Purge of the Party

Purge of the Party

 

(Russian, chistka partii), verification of the observance of the Rules of the Communist Party and the norms of communist morality by members of the party in order to increase members’ political activity and eliminate socially alien elements and persons who violate party and state discipline from the party ranks. V. I. Lenin pointed out that “careerists and charlatans . . . inevitably do all they can to insinuate themselves into the ranks of the ruling party” (Poln. sobr. soch., 5th ed., vol. 41, p. 30). In the period of the dictatorship of the proletariat, therefore, the party resorted several times to systematic purges and examinations of the party ranks.

The first party purge was a general purge; that is, it affected all party organizations. It was conducted in accordance with a resolution adopted by the Tenth Congress of the RCP(B), which was held in 1921, in response to the revival of capitalist elements in the country and the appearance of capitalist agents in the party during the transition to the New Economic Policy. To carry out the purge, the Politburo of the Central Committee formed a central commission, and local party bodies formed city and raion commissions, to check on the work of all party organizations and members. The purge was conducted at open party meetings with the participation of broad masses of nonparty workers, whose involvement Lenin especially valued. As a result of the purge, 24.1 percent of the party’s members were expelled.

A purge of nonindustrial party organizations, which made up 25 percent of the party membership, was carried out in 1925 in accordance with a resolution adopted by the Thirteenth Congress of the RCP(B), which was held in 1924. Six percent of the party’s members were expelled. A partial examination of rural party organizations was carried out in 1926 with a view to cleansing the party of kulak elements.

The second general purge was called for by the Sixteenth Party Conference, which was held in 1929. It took place in 1929 and 1930, during a period of a full-scale offensive against urban and rural capitalist elements and of an intensification of the class struggle; 7.8 percent of the party’s members were expelled.

The third general purge was carried out in implementation of a resolution of the United Plenum of the Central Committee and the Central Control Commission of the ACP(B) of January 1933. The purge affected 25 territorial party organizations; 18.3 percent of the members were expelled. The remaining 17 territorial party organizations were purged during the verification and exchange of party documents carried out in 1935 and 1936.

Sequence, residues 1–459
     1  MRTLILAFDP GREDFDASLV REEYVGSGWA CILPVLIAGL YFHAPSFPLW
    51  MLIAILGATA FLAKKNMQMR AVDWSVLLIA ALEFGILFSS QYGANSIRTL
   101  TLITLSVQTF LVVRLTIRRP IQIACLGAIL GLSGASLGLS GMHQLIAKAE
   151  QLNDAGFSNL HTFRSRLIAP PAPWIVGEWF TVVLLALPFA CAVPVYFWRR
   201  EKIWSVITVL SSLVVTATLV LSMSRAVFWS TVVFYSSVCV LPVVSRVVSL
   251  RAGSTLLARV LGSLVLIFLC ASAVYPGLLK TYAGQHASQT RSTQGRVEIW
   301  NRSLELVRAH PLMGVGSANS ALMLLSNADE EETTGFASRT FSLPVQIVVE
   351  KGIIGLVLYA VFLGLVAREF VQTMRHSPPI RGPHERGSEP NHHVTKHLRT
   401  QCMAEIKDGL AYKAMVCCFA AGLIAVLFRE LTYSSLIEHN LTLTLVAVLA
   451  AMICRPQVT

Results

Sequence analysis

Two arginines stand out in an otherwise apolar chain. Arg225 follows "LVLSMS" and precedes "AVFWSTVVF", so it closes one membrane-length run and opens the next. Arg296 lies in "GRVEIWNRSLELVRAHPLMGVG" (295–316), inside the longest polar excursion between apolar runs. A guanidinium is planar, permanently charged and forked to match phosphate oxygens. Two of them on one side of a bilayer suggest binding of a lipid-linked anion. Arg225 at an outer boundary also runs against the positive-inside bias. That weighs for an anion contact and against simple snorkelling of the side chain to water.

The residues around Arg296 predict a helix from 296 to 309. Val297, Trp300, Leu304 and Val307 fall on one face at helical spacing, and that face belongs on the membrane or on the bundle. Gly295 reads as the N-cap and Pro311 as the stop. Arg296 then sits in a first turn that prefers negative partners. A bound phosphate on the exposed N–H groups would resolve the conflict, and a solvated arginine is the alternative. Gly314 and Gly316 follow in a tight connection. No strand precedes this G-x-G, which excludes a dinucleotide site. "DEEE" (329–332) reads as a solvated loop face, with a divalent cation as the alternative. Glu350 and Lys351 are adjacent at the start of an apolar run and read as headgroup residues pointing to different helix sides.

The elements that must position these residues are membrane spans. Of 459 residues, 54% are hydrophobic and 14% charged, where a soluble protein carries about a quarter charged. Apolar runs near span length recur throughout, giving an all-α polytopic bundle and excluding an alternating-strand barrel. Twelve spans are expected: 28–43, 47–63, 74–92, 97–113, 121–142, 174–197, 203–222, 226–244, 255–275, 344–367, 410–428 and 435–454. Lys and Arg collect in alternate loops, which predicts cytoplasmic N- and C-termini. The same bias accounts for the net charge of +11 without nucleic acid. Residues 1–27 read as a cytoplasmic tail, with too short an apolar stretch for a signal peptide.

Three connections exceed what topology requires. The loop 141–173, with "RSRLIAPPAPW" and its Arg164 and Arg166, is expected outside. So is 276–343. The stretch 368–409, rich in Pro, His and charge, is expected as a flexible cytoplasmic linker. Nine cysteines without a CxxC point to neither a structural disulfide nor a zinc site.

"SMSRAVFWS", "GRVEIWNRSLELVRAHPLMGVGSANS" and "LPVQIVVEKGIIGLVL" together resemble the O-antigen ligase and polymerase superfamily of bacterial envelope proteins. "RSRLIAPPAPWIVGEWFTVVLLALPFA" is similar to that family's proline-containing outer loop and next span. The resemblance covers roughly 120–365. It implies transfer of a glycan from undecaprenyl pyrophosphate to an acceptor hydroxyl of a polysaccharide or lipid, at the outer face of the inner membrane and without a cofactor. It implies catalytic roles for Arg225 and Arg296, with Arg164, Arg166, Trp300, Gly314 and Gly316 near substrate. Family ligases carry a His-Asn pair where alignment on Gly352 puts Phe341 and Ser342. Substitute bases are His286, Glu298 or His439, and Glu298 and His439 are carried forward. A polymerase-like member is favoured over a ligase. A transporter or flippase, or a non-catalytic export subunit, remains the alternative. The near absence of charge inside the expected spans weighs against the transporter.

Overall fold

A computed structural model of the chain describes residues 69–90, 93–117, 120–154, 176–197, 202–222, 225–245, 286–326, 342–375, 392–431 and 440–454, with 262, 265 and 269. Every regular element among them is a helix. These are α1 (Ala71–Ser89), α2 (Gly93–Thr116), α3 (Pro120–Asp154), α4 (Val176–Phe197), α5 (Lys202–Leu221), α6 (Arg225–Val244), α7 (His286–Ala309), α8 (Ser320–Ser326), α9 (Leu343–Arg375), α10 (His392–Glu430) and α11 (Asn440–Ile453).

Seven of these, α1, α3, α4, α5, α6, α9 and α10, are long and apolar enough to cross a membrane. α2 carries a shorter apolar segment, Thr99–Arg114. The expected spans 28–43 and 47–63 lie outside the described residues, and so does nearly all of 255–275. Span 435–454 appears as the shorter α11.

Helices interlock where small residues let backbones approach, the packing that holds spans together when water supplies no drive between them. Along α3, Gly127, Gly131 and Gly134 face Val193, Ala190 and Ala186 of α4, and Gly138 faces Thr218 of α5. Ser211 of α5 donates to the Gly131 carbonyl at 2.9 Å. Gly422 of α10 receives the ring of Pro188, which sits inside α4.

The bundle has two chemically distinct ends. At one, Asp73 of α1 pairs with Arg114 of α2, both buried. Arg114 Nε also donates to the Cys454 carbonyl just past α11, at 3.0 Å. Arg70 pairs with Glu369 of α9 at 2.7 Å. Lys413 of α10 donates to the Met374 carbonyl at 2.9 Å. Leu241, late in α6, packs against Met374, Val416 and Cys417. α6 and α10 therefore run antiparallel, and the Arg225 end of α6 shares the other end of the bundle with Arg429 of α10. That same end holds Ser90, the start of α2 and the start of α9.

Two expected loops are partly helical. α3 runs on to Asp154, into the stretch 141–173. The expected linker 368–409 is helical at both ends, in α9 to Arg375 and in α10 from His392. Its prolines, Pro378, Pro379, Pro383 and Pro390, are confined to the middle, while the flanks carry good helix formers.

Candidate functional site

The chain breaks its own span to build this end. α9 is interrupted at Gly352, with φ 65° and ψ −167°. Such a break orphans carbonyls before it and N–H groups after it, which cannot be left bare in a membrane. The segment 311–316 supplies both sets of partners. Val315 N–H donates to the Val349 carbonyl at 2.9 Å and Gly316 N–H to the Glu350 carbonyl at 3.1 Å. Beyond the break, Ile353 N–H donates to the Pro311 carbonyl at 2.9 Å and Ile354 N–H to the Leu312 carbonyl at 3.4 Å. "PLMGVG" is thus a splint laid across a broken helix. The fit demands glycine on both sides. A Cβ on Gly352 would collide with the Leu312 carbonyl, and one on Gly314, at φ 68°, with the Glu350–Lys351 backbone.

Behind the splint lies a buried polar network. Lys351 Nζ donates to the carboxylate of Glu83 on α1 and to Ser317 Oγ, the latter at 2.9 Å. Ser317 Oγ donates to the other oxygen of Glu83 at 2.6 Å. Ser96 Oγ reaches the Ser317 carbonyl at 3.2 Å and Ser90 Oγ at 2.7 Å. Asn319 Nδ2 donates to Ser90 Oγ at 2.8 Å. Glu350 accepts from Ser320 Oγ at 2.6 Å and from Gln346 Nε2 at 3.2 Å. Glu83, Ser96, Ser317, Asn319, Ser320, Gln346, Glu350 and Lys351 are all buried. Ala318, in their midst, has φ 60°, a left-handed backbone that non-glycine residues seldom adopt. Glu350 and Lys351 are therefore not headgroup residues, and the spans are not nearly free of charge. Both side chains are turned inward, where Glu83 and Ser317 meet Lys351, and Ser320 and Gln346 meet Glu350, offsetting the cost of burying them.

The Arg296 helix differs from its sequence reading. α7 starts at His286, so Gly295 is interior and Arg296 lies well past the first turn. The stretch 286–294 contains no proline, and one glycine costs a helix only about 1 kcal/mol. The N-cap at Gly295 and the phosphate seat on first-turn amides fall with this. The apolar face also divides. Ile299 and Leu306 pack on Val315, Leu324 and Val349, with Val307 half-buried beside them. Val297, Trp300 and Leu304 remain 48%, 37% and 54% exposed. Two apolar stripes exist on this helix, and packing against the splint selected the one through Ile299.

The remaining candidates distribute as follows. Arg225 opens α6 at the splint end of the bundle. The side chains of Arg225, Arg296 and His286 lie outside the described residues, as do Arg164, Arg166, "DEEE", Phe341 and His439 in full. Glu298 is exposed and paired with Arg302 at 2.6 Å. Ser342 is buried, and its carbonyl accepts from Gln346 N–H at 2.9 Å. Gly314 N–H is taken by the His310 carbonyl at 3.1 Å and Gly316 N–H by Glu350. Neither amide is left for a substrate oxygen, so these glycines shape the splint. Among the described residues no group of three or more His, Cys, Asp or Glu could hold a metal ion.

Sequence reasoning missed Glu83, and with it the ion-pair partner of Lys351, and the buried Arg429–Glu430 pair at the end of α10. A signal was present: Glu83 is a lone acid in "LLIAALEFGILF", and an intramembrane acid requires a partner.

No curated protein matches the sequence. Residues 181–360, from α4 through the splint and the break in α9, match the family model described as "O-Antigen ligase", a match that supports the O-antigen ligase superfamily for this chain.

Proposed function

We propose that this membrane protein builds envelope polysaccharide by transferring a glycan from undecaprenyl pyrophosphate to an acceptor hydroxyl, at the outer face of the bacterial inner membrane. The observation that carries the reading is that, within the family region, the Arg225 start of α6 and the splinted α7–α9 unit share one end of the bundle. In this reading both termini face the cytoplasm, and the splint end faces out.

The purges produced beneficial results and increased the prestige of Communists among the masses, although some mistakes were committed, such as expulsion for “passivity.” These mistakes were subsequently corrected by the Central Control Commission and the Central Committee of the ACP(B). In view of the victory of socialism and the liquidation of capitalist elements, the Eighteenth Congress of the ACP(B) abolished the party purge in the belief that the party can cleanse its ranks in a routine manner of persons who violate the party program and the Rules and who are unworthy of the lofty name of Communist.

REFERENCES

Lenin, V. I. “O chistke partii.” Poln. sobr. soch., 5th ed., vol. 44.
“X s”ezd RKP(b).” In KPSS v rezoliutsiiakh i resheniiakh s”ezdov, konferentsii i plenumov TsK, 8th ed., vol. 2. Moscow, 1970.
“XI s”ezd RKP(b).” Ibid.
“XIII s”ezd RKP(b).” Ibid., vol. 3. Moscow, 1970.
“XVI konferentsiia VKP(b).” Ibid., vol. 4. Moscow, 1970.
“Ob”edinennyi plenum TsK i TsKK VKP(b) 7–12 ianv. 1933 g.” Ibid., vol. 5. Moscow, 1971.
“Plenum TsK VKP(b) 21–25 dek. 1935 g.” Ibid.
“Plenum TsK VKP(b), Moskva, 11,14,18,20 ianv. 1938g.” Ibid.
“XVIII s”ezd VKP(b).” Ibid.
Istoriia KPSS, vol. 4, books 1–2; vol. 5, book 1. Moscow, 1970–71.
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A pre-emptive purge of the party, before Flood forces it, may prove the wisest course.